Early Predictions for the 2019 Hurricane Season

Just a few months into hurricane season, and the world is already feeling the collosal impact of this year’s storms. Hurricane Dorian’s death toll continues to climb after it devastated the Bahamas, and now the monster storm is ravaging the North American coastline. The tropical storm season begins in June and lasts until November. However, while it starts in early summer,  the season really reaches its peak between mid-August and mid-October. The 2019 hurricane season is expected to be severe as our planet is now fully-immersed in the effects of climate change. Global temperatures are skyrocketing to unprecedented levels and natural disasters are not only becoming more frequent, but also more extreme. So what is likely to occur this hurricane season and how can you be better equipped for it? Read on for the main predictions.

Above-normal activity 

In August, the United States’ National Oceanic and Atmospheric Administration updated their hurricane season weather forecast to say that conditions are “more favorable for above-normal activity.” NOAA’s Climate Prediction Center increased the chance of above-normal activity from 30 percent in May to 45 percent. The reason for the predicted change is because El Nino’s current in the Pacific Ocean has ended. “El Nino typically suppresses Atlantic hurricane activity but now that it’s gone, we could see a busier season ahead,” Dr. Gerry Bell, lead seasonal hurricane forecaster at NOAA’s Climate Prediction Center, said. “This evolution, combined with the more conducive conditions associated with the ongoing high-activity era for Atlantic hurricanes that began in 1995, increases the likelihood of above-normal activity this year.”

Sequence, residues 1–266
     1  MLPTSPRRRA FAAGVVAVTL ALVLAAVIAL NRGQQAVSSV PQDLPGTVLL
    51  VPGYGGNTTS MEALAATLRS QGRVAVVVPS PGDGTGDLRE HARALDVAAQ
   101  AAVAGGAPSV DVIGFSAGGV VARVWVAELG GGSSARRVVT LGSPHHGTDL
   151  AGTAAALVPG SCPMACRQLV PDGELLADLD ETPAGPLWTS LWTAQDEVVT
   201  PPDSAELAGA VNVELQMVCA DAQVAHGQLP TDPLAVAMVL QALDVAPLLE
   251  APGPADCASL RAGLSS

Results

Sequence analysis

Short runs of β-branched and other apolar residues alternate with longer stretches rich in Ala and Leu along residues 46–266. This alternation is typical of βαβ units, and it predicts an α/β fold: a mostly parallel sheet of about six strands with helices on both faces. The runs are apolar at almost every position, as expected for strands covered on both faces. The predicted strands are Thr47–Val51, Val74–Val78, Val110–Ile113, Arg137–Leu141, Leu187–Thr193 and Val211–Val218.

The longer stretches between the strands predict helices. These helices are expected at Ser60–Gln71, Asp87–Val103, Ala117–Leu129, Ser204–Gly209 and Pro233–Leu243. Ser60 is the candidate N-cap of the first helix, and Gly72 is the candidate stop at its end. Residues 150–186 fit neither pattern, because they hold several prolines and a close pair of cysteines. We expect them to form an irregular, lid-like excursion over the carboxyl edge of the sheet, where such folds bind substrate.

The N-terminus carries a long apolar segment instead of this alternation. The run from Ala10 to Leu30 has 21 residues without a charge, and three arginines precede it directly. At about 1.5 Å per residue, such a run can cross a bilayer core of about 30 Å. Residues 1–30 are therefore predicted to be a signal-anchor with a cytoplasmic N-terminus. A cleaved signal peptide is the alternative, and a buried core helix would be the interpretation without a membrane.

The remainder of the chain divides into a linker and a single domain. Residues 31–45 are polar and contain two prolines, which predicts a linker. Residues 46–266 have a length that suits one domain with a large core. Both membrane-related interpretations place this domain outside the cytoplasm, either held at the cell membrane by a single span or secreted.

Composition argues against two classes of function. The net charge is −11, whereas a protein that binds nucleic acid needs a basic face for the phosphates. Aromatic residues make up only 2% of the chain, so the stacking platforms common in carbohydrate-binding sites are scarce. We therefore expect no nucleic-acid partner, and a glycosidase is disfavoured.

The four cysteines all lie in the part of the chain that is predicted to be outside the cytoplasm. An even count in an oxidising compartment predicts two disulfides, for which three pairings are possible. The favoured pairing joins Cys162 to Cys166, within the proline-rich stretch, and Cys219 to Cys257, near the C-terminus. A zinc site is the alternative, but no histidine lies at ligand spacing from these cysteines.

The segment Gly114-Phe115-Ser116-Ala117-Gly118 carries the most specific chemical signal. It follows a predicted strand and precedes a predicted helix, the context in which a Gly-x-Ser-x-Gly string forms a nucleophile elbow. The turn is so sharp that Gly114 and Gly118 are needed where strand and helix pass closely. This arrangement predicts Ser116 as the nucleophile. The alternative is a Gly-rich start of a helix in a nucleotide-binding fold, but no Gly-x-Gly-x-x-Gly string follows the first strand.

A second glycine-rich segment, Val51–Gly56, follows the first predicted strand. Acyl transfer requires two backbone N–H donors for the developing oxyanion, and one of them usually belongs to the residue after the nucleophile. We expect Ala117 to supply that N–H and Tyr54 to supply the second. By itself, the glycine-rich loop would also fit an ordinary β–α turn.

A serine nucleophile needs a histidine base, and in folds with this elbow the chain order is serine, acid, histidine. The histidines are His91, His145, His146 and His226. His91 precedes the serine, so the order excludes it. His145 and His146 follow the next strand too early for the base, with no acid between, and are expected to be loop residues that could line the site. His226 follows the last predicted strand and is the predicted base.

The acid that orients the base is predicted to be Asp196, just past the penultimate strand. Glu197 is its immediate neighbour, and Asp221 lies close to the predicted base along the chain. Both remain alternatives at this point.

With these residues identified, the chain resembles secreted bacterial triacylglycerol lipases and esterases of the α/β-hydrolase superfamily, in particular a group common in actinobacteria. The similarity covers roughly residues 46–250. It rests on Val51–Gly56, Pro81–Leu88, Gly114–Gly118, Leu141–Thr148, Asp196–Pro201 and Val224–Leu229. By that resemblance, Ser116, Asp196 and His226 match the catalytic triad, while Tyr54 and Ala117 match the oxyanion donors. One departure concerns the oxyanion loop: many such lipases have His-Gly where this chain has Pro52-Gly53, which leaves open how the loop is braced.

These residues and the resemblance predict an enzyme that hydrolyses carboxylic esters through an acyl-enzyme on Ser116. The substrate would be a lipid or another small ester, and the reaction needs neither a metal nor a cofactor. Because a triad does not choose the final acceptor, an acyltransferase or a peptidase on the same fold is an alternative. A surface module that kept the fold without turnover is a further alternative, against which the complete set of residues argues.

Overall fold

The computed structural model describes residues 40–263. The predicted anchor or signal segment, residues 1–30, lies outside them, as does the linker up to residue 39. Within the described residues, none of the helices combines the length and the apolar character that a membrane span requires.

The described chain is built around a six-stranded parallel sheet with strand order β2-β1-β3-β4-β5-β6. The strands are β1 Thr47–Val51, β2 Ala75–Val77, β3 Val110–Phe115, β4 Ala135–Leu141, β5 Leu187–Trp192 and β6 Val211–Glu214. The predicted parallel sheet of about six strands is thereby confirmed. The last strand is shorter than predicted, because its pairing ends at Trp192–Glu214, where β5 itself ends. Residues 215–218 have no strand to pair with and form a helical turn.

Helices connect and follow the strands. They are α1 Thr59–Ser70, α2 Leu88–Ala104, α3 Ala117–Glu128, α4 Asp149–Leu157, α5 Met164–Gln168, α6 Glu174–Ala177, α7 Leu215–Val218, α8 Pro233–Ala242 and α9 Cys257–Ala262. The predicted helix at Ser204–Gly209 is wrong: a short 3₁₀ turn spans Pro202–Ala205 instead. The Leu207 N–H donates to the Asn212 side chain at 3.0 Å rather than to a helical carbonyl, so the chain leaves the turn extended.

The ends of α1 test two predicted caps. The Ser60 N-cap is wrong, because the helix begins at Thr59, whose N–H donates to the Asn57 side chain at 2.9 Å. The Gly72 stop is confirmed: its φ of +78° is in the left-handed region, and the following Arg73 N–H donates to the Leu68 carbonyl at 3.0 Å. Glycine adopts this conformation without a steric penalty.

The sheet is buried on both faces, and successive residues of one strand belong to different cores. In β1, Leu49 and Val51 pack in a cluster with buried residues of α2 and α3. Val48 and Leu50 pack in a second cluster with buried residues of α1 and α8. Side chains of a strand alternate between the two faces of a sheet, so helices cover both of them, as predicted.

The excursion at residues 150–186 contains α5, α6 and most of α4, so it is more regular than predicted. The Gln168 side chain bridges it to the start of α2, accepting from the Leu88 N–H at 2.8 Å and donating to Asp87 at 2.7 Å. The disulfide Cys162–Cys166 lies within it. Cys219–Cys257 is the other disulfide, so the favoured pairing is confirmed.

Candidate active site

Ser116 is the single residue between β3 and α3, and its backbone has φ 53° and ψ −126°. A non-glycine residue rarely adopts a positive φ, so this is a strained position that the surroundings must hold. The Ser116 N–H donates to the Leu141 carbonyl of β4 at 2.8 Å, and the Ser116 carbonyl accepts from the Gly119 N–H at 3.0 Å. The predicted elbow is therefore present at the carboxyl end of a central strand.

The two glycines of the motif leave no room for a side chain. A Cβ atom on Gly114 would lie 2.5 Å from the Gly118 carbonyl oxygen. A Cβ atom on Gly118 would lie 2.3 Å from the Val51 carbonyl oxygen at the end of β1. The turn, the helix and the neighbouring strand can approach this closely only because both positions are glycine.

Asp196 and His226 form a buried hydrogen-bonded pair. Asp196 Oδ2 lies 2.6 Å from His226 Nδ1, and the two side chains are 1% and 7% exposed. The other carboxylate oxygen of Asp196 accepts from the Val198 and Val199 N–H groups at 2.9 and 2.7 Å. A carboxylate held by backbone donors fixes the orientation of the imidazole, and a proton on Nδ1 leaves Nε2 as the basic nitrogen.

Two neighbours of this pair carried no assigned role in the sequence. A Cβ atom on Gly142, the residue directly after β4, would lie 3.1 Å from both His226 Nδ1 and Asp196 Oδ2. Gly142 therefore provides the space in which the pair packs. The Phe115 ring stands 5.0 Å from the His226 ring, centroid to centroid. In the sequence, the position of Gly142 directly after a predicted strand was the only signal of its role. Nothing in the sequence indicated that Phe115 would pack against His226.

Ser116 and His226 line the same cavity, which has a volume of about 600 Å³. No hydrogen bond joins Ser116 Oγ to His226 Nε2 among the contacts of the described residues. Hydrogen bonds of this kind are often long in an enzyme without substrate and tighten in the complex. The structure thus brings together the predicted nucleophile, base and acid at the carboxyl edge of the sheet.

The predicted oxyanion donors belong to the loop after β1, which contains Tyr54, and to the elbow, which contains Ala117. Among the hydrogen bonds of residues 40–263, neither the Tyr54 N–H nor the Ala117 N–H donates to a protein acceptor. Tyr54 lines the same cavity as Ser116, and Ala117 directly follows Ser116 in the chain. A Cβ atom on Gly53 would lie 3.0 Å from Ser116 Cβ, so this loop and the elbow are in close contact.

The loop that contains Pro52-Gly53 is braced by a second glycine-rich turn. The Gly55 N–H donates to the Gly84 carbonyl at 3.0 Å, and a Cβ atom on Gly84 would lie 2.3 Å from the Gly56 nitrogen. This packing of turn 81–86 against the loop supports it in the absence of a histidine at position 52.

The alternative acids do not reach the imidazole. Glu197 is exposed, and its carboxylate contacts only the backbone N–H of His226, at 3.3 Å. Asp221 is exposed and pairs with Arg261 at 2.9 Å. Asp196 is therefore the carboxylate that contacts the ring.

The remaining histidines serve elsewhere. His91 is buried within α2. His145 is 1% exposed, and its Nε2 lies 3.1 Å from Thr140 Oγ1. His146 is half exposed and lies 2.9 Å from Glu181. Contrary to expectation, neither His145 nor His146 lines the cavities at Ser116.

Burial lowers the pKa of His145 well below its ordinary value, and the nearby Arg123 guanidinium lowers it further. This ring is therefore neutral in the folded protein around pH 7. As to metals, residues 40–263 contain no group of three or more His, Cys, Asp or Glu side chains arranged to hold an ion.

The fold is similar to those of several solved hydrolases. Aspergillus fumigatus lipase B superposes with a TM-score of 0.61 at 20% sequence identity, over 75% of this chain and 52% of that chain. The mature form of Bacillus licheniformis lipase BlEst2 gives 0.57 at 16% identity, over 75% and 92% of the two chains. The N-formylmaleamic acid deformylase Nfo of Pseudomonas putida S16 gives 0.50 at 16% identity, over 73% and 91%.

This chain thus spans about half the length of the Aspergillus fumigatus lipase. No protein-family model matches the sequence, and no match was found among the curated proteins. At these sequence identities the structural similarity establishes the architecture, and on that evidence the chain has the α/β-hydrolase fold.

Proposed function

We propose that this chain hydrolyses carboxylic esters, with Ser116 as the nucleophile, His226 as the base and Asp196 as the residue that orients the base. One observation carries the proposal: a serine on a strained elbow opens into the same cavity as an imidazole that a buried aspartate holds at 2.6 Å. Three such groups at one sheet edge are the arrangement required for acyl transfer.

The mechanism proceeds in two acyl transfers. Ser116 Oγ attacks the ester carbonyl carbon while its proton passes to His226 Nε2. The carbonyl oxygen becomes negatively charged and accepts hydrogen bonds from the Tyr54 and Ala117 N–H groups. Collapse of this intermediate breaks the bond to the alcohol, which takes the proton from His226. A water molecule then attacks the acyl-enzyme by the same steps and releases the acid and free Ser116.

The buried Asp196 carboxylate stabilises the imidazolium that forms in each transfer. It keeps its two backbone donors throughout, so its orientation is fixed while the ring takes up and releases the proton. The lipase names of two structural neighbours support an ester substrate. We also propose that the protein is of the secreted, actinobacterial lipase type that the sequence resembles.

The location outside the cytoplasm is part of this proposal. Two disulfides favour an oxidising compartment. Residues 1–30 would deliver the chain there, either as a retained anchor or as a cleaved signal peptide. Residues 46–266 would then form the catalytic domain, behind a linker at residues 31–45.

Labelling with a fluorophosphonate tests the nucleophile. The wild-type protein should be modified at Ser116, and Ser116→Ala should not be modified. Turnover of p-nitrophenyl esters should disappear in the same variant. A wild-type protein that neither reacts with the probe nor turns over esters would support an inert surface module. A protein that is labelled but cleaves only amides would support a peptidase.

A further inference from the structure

Tropical weather outlook 

The latest information from Colorado State University’s Tropical Meteorology Project agrees that we will see a period of above-normal activity for hurricane season in the next few weeks. However, more generally, the organization says the seasonal forecast predicts a fairly-average season overall. 

Currently, Hurricane Dorian and Tropical Depression 7 will likely produce minimal to moderate levels of accumulated cyclone energy. The National Hurricane Center is focusing most of their attention on a wave moving off of West Africa that could turn into a tropical cyclone. 

Predicted storm numbers

With the updated forecast, NOAA now predicts 10 to 17 named storms will occur, with five to nine becoming hurricanes and two to four becoming major hurricanes. Typically, hurricane season generates 12 named storms, with six forming into hurricanes and three turning into major hurricanes. 

How to prepare

Predictions for an above-normal season ahead are a clear reminder for residents in hurricane-prone areas to stay prepared. You should plan your evacuation route in advance and know where the nearest shelters are. You should have emergency supplies available like batteries, candles, flashlights, non-perishable food, drinking water, basic tools for home repairs, a first-aid kit, medicine and prescription drugs, a portable weather radio to keep track of updates, and generators powered by Perkins diesel engines to help power your home in case of outages. Keep in mind that even a small storm can knock out power. The generators made by Welland Power are internationally recognized in the US, Europe, Asia, and South America for their reliability and incredible performance.

Create an inventory of your personal property to understand if you have enough home insurance to cover your possessions. Review your homeowner’s insurance policy and look into getting flood insurance. Hurricane-proof your home by installing storm shutters, covering sliding glass doors, sealing outside wall openings like vents, securing your doors with dead-bolt locks, and trimming shrubbery that could become hazardous during a storm. Hurricane winds can propel trees, branches, and gravel into your home, so making sure you cut any weak branches or nearby trees and remove or replace rock landscaping materials is critical. And, of course, always follow the instructions from local and state government authorities.